Welsh farmer calls for action on TB policy after losing 51 cows

A Pembrokeshire dairy farmer who lost 51 cows to bovine TB has spoken of her frustration over a lack of action from Welsh government to tackle the disease in wildlife.

Hannah Lawrence has posted heartbreaking photos and videos on her Twitter (@HannLawrence) and Instagram (preseli_view_pedigrees) accounts of the condemned cows being taken away for slaughter.

One poignant black and white photo also shows the cows’ collars hung up in the parlour after the animals were removed from the farm.

See also: Anguish as bovine TB claims more top-quality cattle in Wales

Ms Lawrence, who farms with her partner, Harri Vaughan, at the three-generation dairy farm near Haverfordwest, said years of breeding and pedigrees had been “chucked away” after the failed blood tests.

Forty-six cows, including heifers, were taken away for slaughter by lorry and box, but six had to be shot on farm because they were close to calving or had just calved.

“We have been in and out of TB for a few years and we have lost a few cows here and there,” said Ms Lawrence. “We felt backed into a corner and the ministry required us to carry out a blood test on all 300 cows.

“We felt sick waiting and when the day came and they phoned with the results, everyone was speechless. It’s a massive hit.

“You work tirelessly for your cows. You give them everything and then 51 are taken away like that because of things out of your control.”

Ms Lawrence could barely look at the cows in the week before they were removed and said the experience was “horrible” and “heartbreaking” for the whole family, especially the grandparents who had built up the herd over many years.

She said trimming the cows to be valued before being slaughtered “made no sense” as they meant a lot more to them than money.

Policy ‘needs work’

Ms Lawrence accused the Welsh government of not wanting to face reality or the science in its bovine TB policy.

“They don’t listen to farmers one bit. The policy needs a lot of work,” she said.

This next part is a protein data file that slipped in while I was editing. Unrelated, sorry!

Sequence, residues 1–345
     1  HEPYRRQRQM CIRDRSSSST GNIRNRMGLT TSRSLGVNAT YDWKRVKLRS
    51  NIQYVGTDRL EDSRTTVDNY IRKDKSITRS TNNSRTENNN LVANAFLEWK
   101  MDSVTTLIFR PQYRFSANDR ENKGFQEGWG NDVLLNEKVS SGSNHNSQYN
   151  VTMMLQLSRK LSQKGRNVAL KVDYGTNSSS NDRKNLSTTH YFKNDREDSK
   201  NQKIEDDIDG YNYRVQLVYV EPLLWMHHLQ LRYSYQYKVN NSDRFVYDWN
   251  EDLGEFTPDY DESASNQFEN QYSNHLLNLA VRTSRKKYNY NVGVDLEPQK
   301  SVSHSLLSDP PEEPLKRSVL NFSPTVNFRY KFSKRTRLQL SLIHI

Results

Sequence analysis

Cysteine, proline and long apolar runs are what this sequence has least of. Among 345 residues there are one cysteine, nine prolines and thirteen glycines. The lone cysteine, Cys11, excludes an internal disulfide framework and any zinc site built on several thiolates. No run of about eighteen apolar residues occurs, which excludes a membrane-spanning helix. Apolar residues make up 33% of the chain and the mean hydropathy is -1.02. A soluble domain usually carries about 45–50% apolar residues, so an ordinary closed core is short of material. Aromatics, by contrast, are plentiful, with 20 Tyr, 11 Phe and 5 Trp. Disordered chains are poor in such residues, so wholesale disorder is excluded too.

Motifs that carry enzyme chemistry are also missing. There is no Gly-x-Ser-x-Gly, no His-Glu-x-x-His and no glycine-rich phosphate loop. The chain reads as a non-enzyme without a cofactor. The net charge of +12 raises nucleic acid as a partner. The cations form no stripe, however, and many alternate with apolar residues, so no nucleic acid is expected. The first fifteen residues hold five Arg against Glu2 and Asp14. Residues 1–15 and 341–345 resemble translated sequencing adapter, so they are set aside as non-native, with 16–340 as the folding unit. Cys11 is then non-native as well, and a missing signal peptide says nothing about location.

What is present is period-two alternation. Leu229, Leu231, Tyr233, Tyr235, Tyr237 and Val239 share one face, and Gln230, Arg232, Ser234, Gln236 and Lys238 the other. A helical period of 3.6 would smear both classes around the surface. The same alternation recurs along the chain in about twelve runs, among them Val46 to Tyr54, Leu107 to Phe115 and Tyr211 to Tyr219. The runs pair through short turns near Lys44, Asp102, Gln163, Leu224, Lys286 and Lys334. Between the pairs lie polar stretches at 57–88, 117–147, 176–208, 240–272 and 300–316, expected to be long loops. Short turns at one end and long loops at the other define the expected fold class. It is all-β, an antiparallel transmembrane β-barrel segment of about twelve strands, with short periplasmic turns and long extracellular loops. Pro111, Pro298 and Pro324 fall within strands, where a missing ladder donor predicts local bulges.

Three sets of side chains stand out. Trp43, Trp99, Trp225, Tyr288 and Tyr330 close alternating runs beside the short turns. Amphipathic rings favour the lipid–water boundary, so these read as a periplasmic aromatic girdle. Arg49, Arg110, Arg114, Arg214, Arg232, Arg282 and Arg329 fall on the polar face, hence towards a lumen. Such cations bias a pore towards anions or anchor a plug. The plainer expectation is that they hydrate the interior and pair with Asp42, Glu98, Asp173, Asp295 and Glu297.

“There is money being spent where it shouldn’t be. There is so much evidence they should be following, and there’s a lot more they should be doing.

“The Labour administration made a promise not to cull any wildlife and they can’t go back on their pledge. Unfortunately, it looks like it will be staying like this, for now anyway.”

Anger and frustration

NFU Cymru said feedback from its members who were recently surveyed about the Welsh government’s Refreshed TB Eradication Programme revealed a great level of anger and frustration within the industry at the repeated failure of successive governments to implement a comprehensive TB eradication strategy in Wales.

The union’s new deputy president, Abi Reader, said: “Welsh government’s 2021 Programme for Government has categorically ruled out the culling of badgers to control the spread of TB in cattle which suggests that, regardless of science and evidence, this government has made a political decision to take away part of an eradication programme that has been used by every country that has implemented a successful TB eradication programme.

“Many of the Welsh farmers who are suffering emotionally and financially as bovine TB rips through their herds are feeling an increased apathy when it comes to Welsh government’s refusal to implement measures to effectively tackle the disease across all its vectors.”

She added: “NFU Cymru will continue to work tirelessly for a comprehensive TB eradication strategy for Wales, a strategy to give hope that we can rid this disease from our countryside once and for all.”

Government response

A Welsh government spokesman said: “TB in cattle is a huge challenge for all concerned, and distressing for farmers who have to deal with it in their herds. Part of the solution to the problem is the willingness of people, both in government and the industry, to work together.

“We have outlined in our Programme for Government we will not permit the culling of badgers as part of measures to deal with bovine TB. Recent scientific studies did not provide conclusive evidence that culling badgers alone would reduce incidence levels in cattle herds.  

“However, we have made an additional £100,000 available for expanding badger vaccination across Wales. It has been proven that more infection is transmitted within species than between species, which suggests that controlling transmission among cattle is a priority in the strategy for eliminating TB.

“We have seen good progress towards eradication since we established our programme in 2008, with long-term decreases in new incidents and prevalence.

“Farmers are at the centre of what we’re trying to achieve, and we are, of course, listening to them. We have been clear we can’t tackle this disease alone and we all have a role to play. The consultation on our refreshed TB eradication programme has recently closed and we will carefully consider all the views provided.”